What many Christians misunderstand about Bitcoin

An employee demonstrates how the Bitcoin ATM works at the BitBase Store on August 09, 2021 in Palma de Mallorca, Spain. | Carlos Alvarez/Getty Images

There are a lot of misconceptions about Bitcoin among Christians and unfortunately, they continue to persist. In this article, I hope to dispel a lot of the misconceptions which disproportionately affect older people, who have some trouble with the mental models around Bitcoin.

Perhaps the most prominent misconception is that digital things don’t have value and that only physical things that are held in hand can have value. This is a strange claim to make for Christians in particular, as we confess in our creeds our need for redemption, which is metaphysical in nature. The claim that Bitcoin is valueless because we can’t hold it in our hand is like saying that MP3s are worthless because unlike a cassette tape or a CD, you can’t hold it in your hand. There’s value in digital goods like e-books, movies, and music, and they don’t have to have a physical form. The value is in our ability to read, watch, or listen to what we want, when we want.

Further, there are other non-physical things that we pay for, like memberships, intellectual property, subscriptions, and mining rights. Clearly, non-physical things can have value. “But money is different!” They say. Why does money get a carve-out? Generally, the assertion is made because intuitively, they know money needs to be both decentralized and scarce and for many people, this is not intuitive. 

The reason why Bitcoin is so hard to grasp for people is that it breaks the mental model of digital things. There are two models of digital goods people have in their heads. The first type of digital goods are infinitely copyable digital stuff, like MP3s, Word files, and web pages. Each can be duplicated with perfect fidelity for the marginal cost of close to zero. Such items are not scarce so they’re difficult to imagine as having value.

The second type of digital goods are strictly controlled items in a centralized service. For example, a membership to Netflix is controlled by the company and cannot be copied like a Word file can. The company can restrict membership if they wish. There are also gift card codes at various e-commerce websites. Such codes are controlled by the company that issues them. They are scarce, but also centrally controlled. A Netflix membership can change price at any time and new gift card codes can be issued by Amazon whenever they want. The scarcity in a centralized context is completely controlled by the central entity.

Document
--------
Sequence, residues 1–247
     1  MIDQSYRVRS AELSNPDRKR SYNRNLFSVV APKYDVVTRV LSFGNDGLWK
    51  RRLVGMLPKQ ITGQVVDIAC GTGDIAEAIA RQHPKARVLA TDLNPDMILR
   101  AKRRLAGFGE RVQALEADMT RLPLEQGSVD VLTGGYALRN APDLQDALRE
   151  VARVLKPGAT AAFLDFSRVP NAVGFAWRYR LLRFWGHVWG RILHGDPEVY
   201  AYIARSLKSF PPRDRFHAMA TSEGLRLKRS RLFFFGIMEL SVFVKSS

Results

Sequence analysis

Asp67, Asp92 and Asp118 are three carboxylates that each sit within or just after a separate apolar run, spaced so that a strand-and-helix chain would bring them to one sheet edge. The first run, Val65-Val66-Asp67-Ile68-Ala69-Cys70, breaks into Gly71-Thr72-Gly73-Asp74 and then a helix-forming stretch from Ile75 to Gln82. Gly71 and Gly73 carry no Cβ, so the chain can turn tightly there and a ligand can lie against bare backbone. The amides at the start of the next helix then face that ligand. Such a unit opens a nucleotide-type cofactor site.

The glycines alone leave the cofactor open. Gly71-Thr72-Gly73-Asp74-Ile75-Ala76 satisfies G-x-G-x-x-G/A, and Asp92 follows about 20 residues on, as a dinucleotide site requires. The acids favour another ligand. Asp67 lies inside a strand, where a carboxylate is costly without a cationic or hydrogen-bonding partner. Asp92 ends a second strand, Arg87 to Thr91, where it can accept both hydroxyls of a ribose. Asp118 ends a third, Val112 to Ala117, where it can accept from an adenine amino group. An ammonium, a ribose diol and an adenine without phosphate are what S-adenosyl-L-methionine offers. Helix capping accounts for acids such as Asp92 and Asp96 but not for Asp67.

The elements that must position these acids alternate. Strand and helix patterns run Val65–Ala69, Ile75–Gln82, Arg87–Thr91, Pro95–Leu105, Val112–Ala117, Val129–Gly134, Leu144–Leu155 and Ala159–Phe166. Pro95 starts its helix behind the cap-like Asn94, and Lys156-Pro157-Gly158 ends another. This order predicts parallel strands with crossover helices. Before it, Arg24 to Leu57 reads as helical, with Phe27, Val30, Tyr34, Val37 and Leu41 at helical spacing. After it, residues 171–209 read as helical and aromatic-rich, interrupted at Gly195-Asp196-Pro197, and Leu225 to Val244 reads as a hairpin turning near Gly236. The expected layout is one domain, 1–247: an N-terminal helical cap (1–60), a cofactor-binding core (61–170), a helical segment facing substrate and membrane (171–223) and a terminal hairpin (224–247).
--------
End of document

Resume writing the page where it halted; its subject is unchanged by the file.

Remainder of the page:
Until 2009, computer scientists thought these were the only categories of digital goods. Decentralized but not scarce and scarce but centralized. The third category of decentralized and scarce was a huge innovation and completely unexpected. Bitcoin is digital, decentralized, and scarce all at the same time. This is achieved through some very clever uses of cryptography and computer science structures. The result has been one of the largest disruptions of finance that we’ve ever seen.

One important distinction to make at this point is that decentralization is very difficult to achieve. Alternative cryptocurrencies, such as Ethereum, Ripple and Solana, have not achieved decentralization and are really of the second category of digital things, scarce, but centralized. Unfortunately, altcoins have been used by unscrupulous people to scam many people in retail out of their money. The speculative, gambling feel of altcoins has unfortunately marred the reputation of Bitcoin.

The digital nature of Bitcoin is treated with suspicion by older people, because of the old mental model. Many have already dismissed it entirely. They think that digital things are hackable, hard to secure and easily trackable, and therefore, Bitcoin must be, too. 

In reality, the possession of Bitcoin is dependent on a secret, which can be stored digitally or physically. This means that Bitcoin can have the same security properties as gold, without weighing nearly as much. The secret can even be memorized, giving it a property right that is superior to any physical object. Many people think Bitcoin is easily hackable and that some internet thief could take your coins by typing on their keyboard for a few seconds like in the movies. The reality is that the computational power required to break the cryptography in Bitcoin would require far more energy than exists in the Milky Way and far more time than the age of the universe. That kind of security is unavailable in the physical world.